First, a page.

CAMERAS DURING TESTING: If Fernando Alonso's car was equipped with cameras during testing we may have had a better indication of what went wrong during his crash. Image: AFP
LONDON, England- Formula 1's rulers seem determined to fix what one publication insists "is an obvious flaw" in current track regulations.
Article 27.2 of the F1 rules dictates that cars must always carry 'black box' to collect data "relevant to an accident or incident".
The regulation states: "At any time after an accident or incident competitors must make the data recorder available and accessible to the International Automobile Federation."
MYSTERY CRASH SAGA
In the case of Fernando Alonso's still-mysterious crash on the Catalunya track in February 2015 that data alone may be insufficient.
McLaren argues that a strong gust of wind blew the driver off-track but rumours continue to suggest that Alonso was unconscious before his car hit the track wall.
Certainly the impact data suggests Alonso - whose helmet was reportedly undamaged - did not hit the wall hard. The car recorded a significant 30G impact but the accelerometer in the driver's ear showed a value about half of that.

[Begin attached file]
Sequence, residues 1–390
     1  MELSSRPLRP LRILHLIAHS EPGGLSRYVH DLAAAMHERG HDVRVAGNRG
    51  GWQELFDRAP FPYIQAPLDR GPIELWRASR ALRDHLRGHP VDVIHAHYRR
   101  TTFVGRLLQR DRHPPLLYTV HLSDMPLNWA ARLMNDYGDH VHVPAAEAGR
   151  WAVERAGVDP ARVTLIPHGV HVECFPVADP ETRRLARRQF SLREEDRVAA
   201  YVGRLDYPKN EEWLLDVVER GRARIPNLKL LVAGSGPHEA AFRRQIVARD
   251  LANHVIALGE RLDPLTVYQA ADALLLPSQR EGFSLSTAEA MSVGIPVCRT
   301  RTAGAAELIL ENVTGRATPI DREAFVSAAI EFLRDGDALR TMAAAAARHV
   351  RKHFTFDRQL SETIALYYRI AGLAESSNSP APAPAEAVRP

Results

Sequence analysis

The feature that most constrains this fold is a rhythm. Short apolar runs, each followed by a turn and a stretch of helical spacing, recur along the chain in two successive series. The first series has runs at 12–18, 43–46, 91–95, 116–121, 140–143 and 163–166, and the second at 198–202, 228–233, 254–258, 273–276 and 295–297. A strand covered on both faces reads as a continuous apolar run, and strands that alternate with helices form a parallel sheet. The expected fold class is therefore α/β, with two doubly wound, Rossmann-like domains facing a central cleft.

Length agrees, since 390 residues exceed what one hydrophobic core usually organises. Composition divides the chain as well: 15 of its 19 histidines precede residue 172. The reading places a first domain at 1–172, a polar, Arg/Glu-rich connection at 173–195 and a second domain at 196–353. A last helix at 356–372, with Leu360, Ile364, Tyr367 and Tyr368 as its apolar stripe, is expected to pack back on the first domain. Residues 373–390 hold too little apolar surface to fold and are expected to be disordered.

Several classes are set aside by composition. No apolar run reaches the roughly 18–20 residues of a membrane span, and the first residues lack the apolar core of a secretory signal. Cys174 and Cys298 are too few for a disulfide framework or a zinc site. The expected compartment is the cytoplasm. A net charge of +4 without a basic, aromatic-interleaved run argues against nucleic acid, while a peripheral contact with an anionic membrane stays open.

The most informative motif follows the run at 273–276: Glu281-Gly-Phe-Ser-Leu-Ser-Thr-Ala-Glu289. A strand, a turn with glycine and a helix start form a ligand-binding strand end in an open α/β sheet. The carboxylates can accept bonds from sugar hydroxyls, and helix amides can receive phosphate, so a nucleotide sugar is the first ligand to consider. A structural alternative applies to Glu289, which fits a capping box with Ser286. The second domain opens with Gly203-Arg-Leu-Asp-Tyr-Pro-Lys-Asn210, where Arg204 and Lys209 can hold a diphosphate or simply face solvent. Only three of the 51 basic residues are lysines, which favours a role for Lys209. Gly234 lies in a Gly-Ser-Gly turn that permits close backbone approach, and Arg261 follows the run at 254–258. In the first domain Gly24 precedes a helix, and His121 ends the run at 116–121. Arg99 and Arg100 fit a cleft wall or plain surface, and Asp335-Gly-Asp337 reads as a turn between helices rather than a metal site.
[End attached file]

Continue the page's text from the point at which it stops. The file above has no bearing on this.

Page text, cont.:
Indeed, fellow F1 driver Sergio Perez says Alonso's crash was "not comparable" to his similarly lateral hit in Monaco in 2011. "Mine had an impact of approximately 60G. I wish him the best and hope he will be back soon."
SHOCK EQUALS MEMORY LOSS
The lack of a widely accepted version of Alonso's crash means speculation continues to prosper. Ralf Bach, an F1 correspondent with his own blog f1-insider.com, claims rumours of Alonso being electrically shocked survive despite McLaren denials.
He said victims of an electric shock were often confused and suffered memory loss. Alonso, after the crash, thought he was still a Ferrari driver. Bach added that Mercedes and Renault cars had five shock fail-safes for the driver but Honda's new 'power unit' had three.
An electric shock, he added, might not be detected by telemetry.
Autosprint reports that the federation wants on-board cameras not only at F1 races but also during testing.
The 2016 amendment would need to be ratified by the World Motor Sport Council.